Educate the client about perianal care after each bowel movement.The anal area should be gently clean properly after a bowel movement to prevent skin irritation and transmission of microorganism.
Encourage increase fluid intake of 1.5 to 2.5 liters/24 hour plus 200 ml for each loose stool in adults unless contraindicated.Increased fluid intake replaces fluid lost in liquid stools.
Encourage the client to restrict the intake of caffeine, milk and dairy products.These food items can irritate the lining of the stomach, hence may worsen diarrhea.
Encourage the client to eat foods rich in potassium.When a client experience diarrhea, the stomach contents which is high in potassium get flushed out of the gastrointestinal tract into the stool and out of the body, resulting in hypokalemia.
Administer antidiarrheal medications as prescribed.Bismuth salts, kaolin, and pectin which are adsorbent antidiarrheals are commonly used for treating the diarrhea of gastroenteritis. These drugs coat the intestinal wall and absorb bacterial toxins.
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Recommended Resources

Recommended nursing diagnosis and nursing care plan books and resources.

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NANDA International Nursing Diagnoses: Definitions & Classification, 2021-2023
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Ackley and Ladwig’s Nursing Diagnosis Handbook: An Evidence-Based Guide to Planning Care
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All-in-One Nursing Care Planning Resource – E-Book: Medical-Surgical, Pediatric, Maternity, and Psychiatric-Mental Health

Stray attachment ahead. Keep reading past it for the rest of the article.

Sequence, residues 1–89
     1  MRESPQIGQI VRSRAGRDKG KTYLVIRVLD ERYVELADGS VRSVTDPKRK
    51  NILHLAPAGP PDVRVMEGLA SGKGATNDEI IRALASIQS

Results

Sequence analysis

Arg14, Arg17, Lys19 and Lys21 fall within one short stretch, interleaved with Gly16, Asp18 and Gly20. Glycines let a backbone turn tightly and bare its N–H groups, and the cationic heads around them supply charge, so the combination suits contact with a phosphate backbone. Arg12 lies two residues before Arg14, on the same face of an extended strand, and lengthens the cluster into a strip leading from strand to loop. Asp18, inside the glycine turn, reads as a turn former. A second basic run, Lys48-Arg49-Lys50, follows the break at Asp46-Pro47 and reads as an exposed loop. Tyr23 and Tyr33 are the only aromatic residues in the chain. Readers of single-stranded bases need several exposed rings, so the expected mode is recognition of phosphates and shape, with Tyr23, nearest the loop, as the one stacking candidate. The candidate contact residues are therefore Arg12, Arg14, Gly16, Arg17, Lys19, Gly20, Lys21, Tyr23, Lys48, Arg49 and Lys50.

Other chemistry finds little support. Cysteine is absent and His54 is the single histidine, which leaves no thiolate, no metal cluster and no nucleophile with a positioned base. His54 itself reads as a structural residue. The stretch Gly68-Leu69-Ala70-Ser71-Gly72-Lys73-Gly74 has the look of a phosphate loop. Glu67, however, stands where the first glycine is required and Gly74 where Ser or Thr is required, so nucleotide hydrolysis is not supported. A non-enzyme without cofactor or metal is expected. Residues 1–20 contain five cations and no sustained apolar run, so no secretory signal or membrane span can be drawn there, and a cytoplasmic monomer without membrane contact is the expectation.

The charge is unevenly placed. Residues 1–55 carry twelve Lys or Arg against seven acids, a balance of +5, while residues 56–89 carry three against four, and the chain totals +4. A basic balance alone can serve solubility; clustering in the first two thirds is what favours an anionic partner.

Includes over 100 care plans for medical-surgical, maternity/OB, pediatrics, and psychiatric and mental health. Interprofessional “patient problems” focus familiarizes you with how to speak to patients.

See also

Other recommended site resources for this nursing care plan:

More nursing care plans related to gastrointestinal disorders:

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Paul Martin is a registered nurse with a bachelor of science in nursing since 2007. Having worked as a medical-surgical nurse for five years, he handled different kinds of patients and learned how to provide individualized care to them. Now, his experiences working in the hospital is carried over to his writings to help aspiring students achieve their goals. He is currently working as a nursing instructor and have a particular interest in nursing management, emergency care, critical care, infection control, and public health. As a writer at Nurseslabs, his goal is to impart his clinical knowledge and skills to students and nurses helping them become the best version of themselves and ultimately make an impact in uplifting the nursing profession.